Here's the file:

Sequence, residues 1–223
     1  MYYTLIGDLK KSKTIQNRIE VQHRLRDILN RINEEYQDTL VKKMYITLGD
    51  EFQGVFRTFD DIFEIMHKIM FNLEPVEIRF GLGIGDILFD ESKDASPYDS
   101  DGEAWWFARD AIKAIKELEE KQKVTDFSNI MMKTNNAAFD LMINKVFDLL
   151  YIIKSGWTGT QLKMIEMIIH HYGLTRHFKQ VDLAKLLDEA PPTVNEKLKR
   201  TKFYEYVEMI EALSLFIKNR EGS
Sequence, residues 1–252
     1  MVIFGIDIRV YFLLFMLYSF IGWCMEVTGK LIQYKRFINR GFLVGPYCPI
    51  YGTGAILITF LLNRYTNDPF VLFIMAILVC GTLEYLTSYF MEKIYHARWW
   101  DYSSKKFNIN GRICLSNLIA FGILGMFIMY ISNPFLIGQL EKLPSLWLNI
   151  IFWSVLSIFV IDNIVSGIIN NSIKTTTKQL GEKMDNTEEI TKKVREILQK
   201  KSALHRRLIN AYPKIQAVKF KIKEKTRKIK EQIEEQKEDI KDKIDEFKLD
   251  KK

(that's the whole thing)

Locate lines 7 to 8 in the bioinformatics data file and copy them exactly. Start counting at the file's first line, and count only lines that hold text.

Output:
Sequence, residues 1–252
     1  MVIFGIDIRV YFLLFMLYSF IGWCMEVTGK LIQYKRFINR GFLVGPYCPI